Enter Jean Lafitte. Jean and his brother Pierre came to New Orleans from France by way of the West Indies. Jean was 14 during the Reign of Terror; Pierre had been a captain in the French Navy. Initially Jean became a merchant on the island of Santo Domingo, where he married a rich and beautiful wife. He decided to sell all his goods and return to Europe, but his ship was attacked by a Spanish man-of-war (probably with a letter of marque from the Spanish .king authorizing the plunder). Left on a sandbar to die, Lafitte and his family and crew were picked up by an American schooner and taken to New Orleans. Lafitte’s wife died from the ordeal, and Lafitte swore vengeance against Spain. He embraced the system, however, becoming a lifelong trafficker in plundered goods.

In New Orleans the Lafitte brothers owned and operated
a blacksmith forge together. They were respected, hard-working gentlemen. They were also the city sales reps for smugglers. When confiscatory tariffs made smuggling the primary method of trade, the Lafitte brothers becam~ middlemen. Pierre would deal with New Orleans merchants, taking orders and promising delivery. Jean dealt directly with the smugglers. Privateers bought letters of marque from the government giving them license to “burn, destroy, or sink any vessel belonging to Spain.” They found a ready market for their loot in New Orleans. Eventually Lafitte decided to eliminate the middleman (himself) and become a privateer. The Lafitte brothers set up headquarters on , Barataria Island. Fittingly, “barataria” means “breach of duty or fraud perpetrated toward the owner of a ship.” Like Madagascar, .Barataria developed into a community of over 1,000 smugglers, with markets throughout the Gulf of Mexico. The population of Barataria was cosmopolitan and democratic (or communistic, depending on your definition of equality). Sailors were Portuguese, Spanish, French, Italians, Africans, Indians, and American deserters. Each received an equal share of the loot. As “bos” Lafitte was entitled to a double share of the loot. (As Orwell would later observe, some are more equal than others.)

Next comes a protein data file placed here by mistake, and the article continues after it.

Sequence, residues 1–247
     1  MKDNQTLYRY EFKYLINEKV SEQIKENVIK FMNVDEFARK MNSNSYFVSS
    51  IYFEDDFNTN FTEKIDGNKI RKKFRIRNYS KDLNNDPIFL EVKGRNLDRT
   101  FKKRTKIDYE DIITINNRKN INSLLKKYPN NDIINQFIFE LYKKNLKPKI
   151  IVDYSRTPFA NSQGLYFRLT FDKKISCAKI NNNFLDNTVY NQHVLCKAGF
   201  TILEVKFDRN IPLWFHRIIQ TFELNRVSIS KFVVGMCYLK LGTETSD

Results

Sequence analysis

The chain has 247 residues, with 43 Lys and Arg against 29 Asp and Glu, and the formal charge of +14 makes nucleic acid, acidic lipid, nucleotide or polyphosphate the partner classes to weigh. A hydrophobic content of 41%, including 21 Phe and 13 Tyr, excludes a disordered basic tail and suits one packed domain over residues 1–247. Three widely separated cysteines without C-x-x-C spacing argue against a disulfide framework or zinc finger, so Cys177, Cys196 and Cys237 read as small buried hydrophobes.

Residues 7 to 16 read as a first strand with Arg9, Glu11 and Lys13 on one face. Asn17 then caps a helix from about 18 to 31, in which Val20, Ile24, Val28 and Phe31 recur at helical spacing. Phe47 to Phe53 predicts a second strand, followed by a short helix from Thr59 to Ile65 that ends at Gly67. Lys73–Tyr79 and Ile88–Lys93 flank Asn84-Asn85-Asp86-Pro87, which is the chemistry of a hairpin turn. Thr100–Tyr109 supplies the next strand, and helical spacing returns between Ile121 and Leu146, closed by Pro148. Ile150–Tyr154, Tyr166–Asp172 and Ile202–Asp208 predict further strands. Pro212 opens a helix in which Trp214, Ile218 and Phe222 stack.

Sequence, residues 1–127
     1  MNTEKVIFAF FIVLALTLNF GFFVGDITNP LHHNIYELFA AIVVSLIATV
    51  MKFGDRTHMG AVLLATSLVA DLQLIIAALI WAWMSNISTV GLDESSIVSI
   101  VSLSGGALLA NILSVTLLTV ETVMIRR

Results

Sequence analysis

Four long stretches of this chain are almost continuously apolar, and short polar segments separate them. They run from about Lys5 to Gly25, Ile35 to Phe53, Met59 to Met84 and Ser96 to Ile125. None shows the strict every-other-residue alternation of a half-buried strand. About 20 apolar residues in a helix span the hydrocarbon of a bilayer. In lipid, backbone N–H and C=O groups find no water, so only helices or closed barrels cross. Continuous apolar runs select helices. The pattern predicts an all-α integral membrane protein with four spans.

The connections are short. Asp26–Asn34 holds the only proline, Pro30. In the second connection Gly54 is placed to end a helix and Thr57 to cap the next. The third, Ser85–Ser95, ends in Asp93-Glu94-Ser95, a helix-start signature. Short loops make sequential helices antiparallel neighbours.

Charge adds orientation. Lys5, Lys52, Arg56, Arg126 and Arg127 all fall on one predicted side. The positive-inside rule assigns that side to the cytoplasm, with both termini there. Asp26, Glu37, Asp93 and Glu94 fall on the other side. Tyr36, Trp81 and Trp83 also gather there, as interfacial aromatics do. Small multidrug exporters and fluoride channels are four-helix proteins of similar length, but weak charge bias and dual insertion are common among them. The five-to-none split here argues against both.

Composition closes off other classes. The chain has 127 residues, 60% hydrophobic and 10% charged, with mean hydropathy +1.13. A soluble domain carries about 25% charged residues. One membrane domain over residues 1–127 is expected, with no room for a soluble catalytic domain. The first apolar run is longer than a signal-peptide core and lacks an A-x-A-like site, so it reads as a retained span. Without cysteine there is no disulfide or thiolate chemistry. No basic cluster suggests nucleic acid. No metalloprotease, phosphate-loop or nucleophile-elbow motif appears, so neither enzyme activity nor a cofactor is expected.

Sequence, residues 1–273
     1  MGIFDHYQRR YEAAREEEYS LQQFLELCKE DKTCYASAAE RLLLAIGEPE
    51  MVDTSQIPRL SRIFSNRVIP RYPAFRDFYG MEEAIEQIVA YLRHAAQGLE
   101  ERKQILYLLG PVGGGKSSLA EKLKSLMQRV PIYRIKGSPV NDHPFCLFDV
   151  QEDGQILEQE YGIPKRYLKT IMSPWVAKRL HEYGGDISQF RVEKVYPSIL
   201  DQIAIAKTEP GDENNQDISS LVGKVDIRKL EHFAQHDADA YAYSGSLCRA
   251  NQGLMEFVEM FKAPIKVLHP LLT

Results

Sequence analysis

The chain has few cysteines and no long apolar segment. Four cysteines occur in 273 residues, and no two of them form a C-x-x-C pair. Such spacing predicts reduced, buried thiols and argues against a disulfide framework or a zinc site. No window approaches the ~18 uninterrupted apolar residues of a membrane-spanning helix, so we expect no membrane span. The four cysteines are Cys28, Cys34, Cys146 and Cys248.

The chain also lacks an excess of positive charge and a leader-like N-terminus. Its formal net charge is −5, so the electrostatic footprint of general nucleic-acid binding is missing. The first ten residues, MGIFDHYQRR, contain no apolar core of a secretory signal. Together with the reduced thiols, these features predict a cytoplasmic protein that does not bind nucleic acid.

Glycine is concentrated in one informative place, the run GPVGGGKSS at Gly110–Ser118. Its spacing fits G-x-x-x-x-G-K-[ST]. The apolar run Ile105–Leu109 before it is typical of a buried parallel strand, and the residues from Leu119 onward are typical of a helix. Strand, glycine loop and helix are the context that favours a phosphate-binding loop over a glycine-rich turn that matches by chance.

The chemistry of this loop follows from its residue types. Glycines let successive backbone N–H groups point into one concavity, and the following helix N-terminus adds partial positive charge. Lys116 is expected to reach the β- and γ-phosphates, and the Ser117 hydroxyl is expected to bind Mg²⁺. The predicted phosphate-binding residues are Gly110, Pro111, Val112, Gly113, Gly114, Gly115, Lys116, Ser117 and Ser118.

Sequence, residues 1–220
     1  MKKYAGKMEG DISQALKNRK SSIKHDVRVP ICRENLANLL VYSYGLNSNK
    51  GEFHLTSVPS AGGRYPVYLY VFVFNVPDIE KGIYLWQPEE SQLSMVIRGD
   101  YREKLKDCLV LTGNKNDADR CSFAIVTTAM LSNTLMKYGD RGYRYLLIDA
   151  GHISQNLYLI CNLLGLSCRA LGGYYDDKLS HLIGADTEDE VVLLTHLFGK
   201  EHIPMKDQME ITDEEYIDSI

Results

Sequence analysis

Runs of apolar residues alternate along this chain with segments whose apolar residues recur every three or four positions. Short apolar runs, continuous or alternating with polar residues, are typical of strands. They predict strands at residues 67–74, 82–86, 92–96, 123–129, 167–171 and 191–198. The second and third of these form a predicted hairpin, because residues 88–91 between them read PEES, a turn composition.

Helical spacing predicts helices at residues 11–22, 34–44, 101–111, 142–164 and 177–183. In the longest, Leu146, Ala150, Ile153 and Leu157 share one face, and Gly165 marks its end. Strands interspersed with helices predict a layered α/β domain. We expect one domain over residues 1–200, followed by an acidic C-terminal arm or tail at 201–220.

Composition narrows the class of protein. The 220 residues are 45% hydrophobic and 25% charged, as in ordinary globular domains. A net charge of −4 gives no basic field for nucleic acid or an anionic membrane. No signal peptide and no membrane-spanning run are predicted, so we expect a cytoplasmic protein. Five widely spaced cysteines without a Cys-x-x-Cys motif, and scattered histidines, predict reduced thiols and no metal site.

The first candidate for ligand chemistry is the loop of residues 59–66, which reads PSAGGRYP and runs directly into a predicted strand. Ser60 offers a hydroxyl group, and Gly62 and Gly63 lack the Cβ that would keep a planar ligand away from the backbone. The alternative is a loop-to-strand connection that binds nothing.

Incensed by the rising smuggling trade, Governor Claiborne offered a $500 reward for Lafitte’s capture. No one tried very hard to find him, however, perhaps because Lafitte countered with a $1,500 reward for Claiborne’s head! Even more galling, while Claiborne was working to have Lafitte beheaded, Lafitte was charming Claiborne’s wife over dinner at the home of a mutual friend, using the alias, “M. Clement.”

Smuggling activities continued uninterrupted, but Lafitte insisted he was a privateer, not a pirate. When one ship captain refused to leave American vessels alone, Lafitte drew his gun and shot him on the spot. The citizenry of New Orleans